There is that. Atlantis' rooms pretty much start at $495 in the winter and go up from there (rapidly) without any hope of a discount. Even in the off-season when the climate in the Bahamas can be downright stifling, you'll rarely get an Atlantis stay for less than $380 per night.
In Cable Beach, on the other hand, you can find rates at the nice Sheraton Cable Beach Hotel for $170-$200 a night in the Bahamas beautiful winter with a little work and online research. During my January stay, I saw rooms at the Wyndham being offered for as low as $115 per night, a virtually unheard of bargain for a country that often seems to think Americans spit out $20 bills.
Even the golf's more chilled and much less expensive in Cable Beach. Here, the easiest course to get to (with many hotels offering complimentary shuttles) is Cable Beach Golf Club, a near must-play for the $35 after 3 p.m. twilight rate - compared to Paradise Island's $190 Ocean Club course.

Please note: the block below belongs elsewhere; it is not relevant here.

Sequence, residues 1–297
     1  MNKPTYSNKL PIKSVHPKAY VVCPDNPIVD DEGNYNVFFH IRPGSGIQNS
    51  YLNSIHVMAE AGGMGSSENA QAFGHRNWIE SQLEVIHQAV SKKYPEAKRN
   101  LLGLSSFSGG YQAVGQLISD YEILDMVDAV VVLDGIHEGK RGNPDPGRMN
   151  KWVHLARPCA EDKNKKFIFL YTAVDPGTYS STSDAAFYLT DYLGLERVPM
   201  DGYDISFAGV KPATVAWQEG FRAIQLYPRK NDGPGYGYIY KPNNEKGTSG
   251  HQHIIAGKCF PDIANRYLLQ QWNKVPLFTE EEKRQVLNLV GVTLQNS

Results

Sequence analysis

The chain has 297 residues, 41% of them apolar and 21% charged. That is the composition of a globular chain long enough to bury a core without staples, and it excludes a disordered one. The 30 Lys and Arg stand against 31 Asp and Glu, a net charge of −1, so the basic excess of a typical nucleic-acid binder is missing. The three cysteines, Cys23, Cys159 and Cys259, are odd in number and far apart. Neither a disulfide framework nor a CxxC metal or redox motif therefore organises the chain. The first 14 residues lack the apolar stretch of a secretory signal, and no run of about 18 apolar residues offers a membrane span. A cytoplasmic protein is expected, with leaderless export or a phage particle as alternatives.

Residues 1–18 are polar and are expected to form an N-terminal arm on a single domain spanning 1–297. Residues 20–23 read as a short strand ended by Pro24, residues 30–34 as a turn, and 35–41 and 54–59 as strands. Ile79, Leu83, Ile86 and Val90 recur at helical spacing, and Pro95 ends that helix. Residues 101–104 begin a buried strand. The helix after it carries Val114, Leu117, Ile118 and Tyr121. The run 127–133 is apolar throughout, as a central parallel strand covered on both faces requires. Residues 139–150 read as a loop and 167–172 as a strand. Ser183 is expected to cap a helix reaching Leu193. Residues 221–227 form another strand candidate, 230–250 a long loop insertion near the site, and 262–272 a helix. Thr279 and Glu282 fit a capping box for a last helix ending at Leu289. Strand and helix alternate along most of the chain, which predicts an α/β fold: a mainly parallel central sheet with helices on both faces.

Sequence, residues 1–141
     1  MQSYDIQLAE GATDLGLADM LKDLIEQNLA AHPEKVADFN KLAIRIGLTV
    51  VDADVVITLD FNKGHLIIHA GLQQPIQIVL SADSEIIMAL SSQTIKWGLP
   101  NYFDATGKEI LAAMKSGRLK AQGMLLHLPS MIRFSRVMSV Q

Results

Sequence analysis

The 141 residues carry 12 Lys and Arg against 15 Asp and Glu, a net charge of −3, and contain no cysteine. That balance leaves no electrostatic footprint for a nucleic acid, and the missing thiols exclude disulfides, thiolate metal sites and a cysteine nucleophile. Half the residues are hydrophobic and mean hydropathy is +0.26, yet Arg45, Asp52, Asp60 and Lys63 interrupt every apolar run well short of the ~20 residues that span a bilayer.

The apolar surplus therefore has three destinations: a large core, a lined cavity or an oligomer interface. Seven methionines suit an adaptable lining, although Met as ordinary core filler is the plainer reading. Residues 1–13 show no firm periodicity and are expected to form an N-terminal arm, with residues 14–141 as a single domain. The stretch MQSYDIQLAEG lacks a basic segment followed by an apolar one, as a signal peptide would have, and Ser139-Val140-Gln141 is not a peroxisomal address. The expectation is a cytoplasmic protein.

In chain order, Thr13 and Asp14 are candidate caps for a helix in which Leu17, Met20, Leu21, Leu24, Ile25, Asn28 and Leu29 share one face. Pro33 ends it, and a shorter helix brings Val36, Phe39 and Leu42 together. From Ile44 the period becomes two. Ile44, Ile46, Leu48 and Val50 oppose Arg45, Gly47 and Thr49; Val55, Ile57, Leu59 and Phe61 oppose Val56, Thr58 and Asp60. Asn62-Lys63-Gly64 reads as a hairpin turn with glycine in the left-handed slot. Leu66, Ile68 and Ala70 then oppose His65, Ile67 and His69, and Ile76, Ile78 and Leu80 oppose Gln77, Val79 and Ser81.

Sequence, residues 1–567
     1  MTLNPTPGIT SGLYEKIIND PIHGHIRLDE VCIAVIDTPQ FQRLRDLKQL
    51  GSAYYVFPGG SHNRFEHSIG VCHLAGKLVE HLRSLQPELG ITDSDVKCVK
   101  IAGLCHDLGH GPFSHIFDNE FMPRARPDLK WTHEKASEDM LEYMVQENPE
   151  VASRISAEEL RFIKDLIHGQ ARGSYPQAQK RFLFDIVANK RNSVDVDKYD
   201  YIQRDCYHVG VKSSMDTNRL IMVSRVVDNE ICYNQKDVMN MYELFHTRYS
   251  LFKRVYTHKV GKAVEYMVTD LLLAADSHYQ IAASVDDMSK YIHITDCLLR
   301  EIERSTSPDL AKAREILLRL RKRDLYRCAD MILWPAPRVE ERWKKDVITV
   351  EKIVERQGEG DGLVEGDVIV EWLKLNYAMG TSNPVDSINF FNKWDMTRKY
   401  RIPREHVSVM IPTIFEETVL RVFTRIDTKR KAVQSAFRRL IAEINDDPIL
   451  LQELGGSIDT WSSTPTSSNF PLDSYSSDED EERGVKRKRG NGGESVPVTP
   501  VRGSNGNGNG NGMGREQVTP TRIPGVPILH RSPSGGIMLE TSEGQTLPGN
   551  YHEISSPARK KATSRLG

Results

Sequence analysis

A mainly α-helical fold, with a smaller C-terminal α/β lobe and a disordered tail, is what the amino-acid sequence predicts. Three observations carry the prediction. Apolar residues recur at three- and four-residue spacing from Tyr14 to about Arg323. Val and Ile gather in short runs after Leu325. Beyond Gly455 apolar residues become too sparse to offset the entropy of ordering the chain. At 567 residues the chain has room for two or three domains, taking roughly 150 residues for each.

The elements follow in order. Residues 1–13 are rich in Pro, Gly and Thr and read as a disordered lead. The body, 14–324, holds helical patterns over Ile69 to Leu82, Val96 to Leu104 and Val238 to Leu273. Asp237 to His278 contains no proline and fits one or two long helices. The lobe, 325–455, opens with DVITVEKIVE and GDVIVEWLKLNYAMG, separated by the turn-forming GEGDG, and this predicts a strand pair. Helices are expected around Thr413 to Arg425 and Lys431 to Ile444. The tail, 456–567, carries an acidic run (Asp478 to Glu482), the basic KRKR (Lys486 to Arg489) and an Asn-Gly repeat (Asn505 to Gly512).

"I played Ocean Club once," said frequent Bahamas visitor Mike Dougman. "But I play Cable Beach in the afternoon every single time I get to Nassau. My wife told me she'd kill me if I kept playing Ocean Club."
Dougman laughs. Cable Beach tends to attract a sensible breed.
It all could be changing though. There are massive luxury development plans for Cable Beach. The Starwood hotel chain (which includes Westin and Sheraton brands) is going to put in two of its highest-end brands with a new W hotel and St. Regis. Caesars Palace is pushing a new mammoth casino that will be Las Vegas-like and geared toward competing with Paradise Island's glitz, though this still hasn't left the planning stages yet.
Many of the existing hotels are gearing up for massive revamps.
"You won't recognize this place in two years," a local longtime bartender at the casino told me. "Three, tops."
You can lounge easy in it now. Most developers think a stroke of genius comes in stuff like massive entranceways or deep marble bathtubs. Cable Beach's moment of genius? It might just be putting its pool tables and table tennis sets outside, right in the sun, at hotels like the Sheraton.
"Now that's cool," 19-year-old visitor Rick Sherman said.
That's Cable Beach.
February 8, 2008